Andrew Dunstan <[EMAIL PROTECTED]> writes: > I agree with reverting. The tool looks pretty broken anyway, with > hardcoded paths and all sorts of stuff quite apart from logic problems.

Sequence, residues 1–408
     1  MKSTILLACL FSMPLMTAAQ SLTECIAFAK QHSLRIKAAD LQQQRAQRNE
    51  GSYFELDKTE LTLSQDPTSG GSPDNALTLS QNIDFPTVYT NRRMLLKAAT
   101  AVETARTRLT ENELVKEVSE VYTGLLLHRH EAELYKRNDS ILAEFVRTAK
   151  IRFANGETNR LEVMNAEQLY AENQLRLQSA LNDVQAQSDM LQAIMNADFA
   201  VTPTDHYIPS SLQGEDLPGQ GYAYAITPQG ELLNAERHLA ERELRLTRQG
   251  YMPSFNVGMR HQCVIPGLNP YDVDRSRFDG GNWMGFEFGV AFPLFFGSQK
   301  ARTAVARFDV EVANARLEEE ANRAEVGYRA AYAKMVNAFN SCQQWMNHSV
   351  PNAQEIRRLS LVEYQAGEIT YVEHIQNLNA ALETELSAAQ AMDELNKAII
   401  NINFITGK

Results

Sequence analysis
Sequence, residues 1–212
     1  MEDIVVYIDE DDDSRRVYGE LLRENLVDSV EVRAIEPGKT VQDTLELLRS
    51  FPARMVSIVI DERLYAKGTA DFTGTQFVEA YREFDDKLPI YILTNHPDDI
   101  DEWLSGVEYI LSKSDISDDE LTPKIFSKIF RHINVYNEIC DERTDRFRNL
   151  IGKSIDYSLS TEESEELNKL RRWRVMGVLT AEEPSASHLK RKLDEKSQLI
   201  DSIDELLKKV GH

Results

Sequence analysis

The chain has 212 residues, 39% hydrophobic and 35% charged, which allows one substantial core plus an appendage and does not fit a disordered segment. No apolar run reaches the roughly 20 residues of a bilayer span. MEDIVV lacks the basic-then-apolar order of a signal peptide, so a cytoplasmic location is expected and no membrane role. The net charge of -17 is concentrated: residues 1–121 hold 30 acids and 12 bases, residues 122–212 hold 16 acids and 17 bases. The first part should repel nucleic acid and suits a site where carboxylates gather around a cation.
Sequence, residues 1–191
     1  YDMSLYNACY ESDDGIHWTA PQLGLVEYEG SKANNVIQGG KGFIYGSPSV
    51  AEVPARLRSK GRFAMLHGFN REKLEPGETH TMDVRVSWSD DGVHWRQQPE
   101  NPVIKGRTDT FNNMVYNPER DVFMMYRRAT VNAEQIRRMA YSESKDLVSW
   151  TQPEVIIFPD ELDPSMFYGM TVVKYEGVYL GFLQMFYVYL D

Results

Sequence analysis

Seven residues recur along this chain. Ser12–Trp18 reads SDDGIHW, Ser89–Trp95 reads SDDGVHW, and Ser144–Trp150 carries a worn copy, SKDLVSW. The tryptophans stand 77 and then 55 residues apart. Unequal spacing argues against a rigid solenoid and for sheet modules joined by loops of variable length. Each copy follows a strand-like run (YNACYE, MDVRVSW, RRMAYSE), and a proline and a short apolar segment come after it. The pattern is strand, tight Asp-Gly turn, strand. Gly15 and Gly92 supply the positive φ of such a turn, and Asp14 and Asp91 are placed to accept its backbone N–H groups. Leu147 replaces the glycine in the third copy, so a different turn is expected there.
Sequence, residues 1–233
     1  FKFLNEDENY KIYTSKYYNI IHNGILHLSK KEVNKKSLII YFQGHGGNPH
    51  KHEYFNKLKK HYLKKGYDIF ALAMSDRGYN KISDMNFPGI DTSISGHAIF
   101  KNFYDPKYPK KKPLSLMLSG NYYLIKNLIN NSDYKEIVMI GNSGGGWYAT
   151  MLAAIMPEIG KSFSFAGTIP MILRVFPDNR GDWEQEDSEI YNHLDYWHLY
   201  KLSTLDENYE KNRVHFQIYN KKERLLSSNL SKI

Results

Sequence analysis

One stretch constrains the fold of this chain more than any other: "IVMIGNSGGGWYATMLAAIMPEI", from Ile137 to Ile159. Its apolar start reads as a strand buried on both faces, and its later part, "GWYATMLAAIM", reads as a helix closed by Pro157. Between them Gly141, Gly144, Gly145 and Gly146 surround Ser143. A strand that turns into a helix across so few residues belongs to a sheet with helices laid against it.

Well, it's only intended to work on Bruce's system, so until someone else takes over the position of chief gruntwork-doer I don't think the portability issues are much of a factor. What I'm worried about at the moment is the correctness issue. After some reflection it seems that there is only one case where removal of a needed include file would not lead to a compiler error or warning, assuming gcc with ordinary -W settings (notably -Wmissing-prototypes). That case is exactly what Kris found: removal of a #define that is tested via #ifdef or #if defined(). (Can anyone think of other cases?) It's not hard to imagine getting burnt by this through ordinary manual rearrangement or cleanup of inclusions, so I'm thinking that blaming pgrminclude may be too hasty. It'd be worth our time to make a tool to check for it. I'm going to work on a Perl script that sucks up all the #defines in all our .h files and looks for "#ifdef foo" or "defined foo" where foo is defined in a file not included by the referencing file (gcc -H looks like the right tool for checking that). Another thing such a script could easily do is check for inclusion of system headers before c.h. regards, tom lane ---------------------------(end of broadcast)--------------------------- TIP 2: Don't 'kill -9' the postmaster